Early in my current role leading formal architecture for DLT Labs™, I had an experience that challenged me in an unexpected way. At roughly the same time my colleagues were coalescing around a strategy to provide blockchain solutions to enterprises, I came across a blog post questioning the whole idea.
This post is my journey from the doubt planted by that blogger, to growing acceptance, and ultimately to excitement about the value — now proven — that distributed ledgers are bringing to real enterprises, not in five years, but right now.
I learned about blockchain from the same perspective as many, which means I viewed it as a technology suited mainly to a World Wide “Wild-West”. That is to say, a world where no one can be trusted without spending the equivalent of Sweden’s electricity budget on ongoing mutual verification (or the equivalent pending potential improvements like Proof of Stake).
With that as context, the writer’s arguments seemed persuasive: an enterprise using distributed ledgers internally must be inefficient or terribly dysfunctional. Within a normal enterprise, he claimed, technologies that existed long before blockchain should be sufficient.
Enterprise blockchains can ensure internal departments are on the same page when it comes to shared data
My first steps toward belief in enterprise blockchain came from casual discussions with my colleagues in technical leadership here at DLT Labs™.
If we think of blockchain as the combination of four main concepts (cryptographic tamper-proofing of data, robust replication, consensus-based change validation, and totally distributed control), then how should we view systems that embrace a subset of those four?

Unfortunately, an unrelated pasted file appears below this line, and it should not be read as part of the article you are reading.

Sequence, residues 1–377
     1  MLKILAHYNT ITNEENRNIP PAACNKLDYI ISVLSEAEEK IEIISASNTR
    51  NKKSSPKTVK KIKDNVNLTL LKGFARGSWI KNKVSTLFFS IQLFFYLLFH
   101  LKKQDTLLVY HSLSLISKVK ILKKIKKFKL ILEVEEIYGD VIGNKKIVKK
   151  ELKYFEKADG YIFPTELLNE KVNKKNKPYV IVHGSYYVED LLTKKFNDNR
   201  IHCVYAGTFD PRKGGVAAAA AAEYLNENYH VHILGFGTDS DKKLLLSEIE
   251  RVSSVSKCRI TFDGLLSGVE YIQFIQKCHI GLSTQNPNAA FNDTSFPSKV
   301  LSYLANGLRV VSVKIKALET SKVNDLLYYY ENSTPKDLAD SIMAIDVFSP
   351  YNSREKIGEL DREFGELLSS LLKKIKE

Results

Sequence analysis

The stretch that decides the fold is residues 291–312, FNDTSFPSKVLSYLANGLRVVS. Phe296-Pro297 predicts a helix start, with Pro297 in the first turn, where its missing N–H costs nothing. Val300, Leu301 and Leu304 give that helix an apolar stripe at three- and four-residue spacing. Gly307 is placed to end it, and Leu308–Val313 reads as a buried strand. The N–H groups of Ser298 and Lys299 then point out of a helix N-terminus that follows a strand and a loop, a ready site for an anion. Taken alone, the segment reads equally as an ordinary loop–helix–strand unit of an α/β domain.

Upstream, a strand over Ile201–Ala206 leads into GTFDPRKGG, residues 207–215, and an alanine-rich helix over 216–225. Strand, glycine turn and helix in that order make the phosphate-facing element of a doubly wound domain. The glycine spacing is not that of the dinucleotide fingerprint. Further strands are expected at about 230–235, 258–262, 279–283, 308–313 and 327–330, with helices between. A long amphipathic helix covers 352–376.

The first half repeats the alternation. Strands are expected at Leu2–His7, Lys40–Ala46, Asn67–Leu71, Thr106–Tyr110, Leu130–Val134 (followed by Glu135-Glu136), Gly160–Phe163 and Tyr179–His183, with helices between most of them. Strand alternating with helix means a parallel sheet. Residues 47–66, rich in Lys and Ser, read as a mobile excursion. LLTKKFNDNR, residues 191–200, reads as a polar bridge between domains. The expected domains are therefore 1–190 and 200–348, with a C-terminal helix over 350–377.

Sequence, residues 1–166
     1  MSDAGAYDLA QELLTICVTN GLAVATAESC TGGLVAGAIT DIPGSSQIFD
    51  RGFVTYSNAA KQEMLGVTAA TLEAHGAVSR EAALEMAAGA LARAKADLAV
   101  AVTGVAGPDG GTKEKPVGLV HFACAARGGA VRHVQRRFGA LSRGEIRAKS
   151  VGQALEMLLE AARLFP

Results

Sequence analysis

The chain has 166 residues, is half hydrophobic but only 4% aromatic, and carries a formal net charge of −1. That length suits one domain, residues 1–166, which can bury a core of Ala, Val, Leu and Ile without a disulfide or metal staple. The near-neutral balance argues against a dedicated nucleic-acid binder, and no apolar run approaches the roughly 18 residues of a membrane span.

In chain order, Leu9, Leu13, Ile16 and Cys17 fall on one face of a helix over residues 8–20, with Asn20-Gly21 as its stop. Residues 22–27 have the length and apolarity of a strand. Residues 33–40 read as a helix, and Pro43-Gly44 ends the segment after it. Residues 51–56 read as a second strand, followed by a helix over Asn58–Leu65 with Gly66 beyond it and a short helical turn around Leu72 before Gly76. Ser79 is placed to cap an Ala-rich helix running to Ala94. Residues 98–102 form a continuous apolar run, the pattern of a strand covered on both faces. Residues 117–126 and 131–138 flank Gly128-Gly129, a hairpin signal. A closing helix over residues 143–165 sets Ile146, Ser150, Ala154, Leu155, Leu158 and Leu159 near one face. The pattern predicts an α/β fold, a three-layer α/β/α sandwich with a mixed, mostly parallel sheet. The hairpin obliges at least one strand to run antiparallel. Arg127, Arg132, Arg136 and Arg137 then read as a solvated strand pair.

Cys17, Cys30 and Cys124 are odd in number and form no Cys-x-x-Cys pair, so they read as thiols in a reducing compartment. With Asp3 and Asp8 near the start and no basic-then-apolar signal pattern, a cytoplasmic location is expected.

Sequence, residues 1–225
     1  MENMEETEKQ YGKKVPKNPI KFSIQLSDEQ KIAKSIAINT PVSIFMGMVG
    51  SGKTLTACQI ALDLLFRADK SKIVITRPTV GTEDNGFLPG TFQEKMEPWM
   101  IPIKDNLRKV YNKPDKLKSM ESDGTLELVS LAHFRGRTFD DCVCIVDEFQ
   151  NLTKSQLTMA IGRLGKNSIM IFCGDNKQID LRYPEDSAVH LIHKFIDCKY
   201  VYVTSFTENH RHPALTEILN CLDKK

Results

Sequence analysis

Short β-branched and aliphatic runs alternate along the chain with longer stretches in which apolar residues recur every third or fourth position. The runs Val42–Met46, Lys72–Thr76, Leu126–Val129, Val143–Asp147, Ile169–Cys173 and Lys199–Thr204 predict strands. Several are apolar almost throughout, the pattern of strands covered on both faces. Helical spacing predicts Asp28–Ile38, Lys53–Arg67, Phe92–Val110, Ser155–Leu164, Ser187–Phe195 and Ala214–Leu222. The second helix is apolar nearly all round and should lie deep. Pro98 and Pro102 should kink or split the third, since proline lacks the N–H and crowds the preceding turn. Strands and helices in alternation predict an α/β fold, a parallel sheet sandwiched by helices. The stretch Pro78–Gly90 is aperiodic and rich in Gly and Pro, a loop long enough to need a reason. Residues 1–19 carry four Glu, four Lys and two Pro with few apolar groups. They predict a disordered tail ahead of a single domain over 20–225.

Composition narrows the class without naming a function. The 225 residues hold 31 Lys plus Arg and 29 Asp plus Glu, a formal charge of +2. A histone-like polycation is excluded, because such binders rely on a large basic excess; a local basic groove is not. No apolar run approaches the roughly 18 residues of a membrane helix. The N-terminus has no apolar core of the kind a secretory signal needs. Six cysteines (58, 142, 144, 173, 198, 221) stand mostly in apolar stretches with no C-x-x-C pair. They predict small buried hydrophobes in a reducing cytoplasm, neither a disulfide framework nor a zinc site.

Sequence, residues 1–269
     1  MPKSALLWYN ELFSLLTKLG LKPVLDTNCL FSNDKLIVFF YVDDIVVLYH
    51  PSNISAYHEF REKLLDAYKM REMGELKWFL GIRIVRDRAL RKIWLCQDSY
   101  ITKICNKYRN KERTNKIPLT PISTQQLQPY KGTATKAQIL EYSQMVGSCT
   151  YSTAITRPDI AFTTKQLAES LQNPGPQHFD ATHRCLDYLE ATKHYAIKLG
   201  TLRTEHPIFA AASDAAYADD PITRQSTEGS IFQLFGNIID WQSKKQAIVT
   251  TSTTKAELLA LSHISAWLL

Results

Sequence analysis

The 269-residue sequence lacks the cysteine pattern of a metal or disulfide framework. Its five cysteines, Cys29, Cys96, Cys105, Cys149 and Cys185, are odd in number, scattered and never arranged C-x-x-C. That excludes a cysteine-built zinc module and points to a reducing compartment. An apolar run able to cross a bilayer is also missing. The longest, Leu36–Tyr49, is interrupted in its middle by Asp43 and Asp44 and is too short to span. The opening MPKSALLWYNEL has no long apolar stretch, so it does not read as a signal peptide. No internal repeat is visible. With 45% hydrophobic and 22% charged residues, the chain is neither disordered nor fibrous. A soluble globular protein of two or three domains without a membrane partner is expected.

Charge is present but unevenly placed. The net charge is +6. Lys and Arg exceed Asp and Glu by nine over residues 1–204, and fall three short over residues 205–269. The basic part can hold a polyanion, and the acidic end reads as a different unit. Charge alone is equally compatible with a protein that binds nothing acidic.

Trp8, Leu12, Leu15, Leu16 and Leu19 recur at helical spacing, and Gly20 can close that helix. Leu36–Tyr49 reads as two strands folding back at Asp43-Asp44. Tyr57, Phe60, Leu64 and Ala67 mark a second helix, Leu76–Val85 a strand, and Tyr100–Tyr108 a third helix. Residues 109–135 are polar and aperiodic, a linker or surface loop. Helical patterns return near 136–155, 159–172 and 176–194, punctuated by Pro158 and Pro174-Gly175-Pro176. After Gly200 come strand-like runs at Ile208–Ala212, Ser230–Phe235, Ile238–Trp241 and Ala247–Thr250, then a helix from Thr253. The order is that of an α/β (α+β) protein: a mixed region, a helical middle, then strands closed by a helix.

True, you can’t implement a viable worldwide cryptocurrency on a system that has a central administrator, but you can help two internal departments who have had trouble with record-keeping disputes get closer to a shared view of reality.
Whether or not you call that blockchain is semantics, but it is doing what classic blockchains do: bring parties to agreement on data without the need for a referee. Just in a less adversarial context.
For another example, consider the use of a distributed ledger platform primarily for data replication and auditability. Sure, you could send a stream of business data updates to an auditor using traditional replication and a data hashing strategy.
But using a distributed ledger platform gets you all of that out of the box, plus all of the future potential of the platform, such as later giving auditors the ability to securely add their audit notes to the data.
Building on that last note, what about the value of a system that could most easily evolve into a blockchain in the classic vein? For example, a system for which the data is held in-company today, but with a plan to share control among consortium partners in the future.
Or, a system with centralized authority over business rules today, but consensus based rule changes in the future? You can only get this by starting with a distributed ledger platform — or you can resign yourself to a complete teardown and rebuild when the time comes.
My colleagues call all of these uses of blockchain platforms “blockchain” (actually we usually talk about “distributed ledger technology”, the superset of technologies that includes blockchains and gives the company, DLT Labs™, its name).
And why not?
It has the potential to achieve real benefits today, relatively simply and flexibly, with this technology at its heart making it possible. And modern componentized DLT platforms go a long way toward mitigating the potential efficiency costs of leaving some features dormant.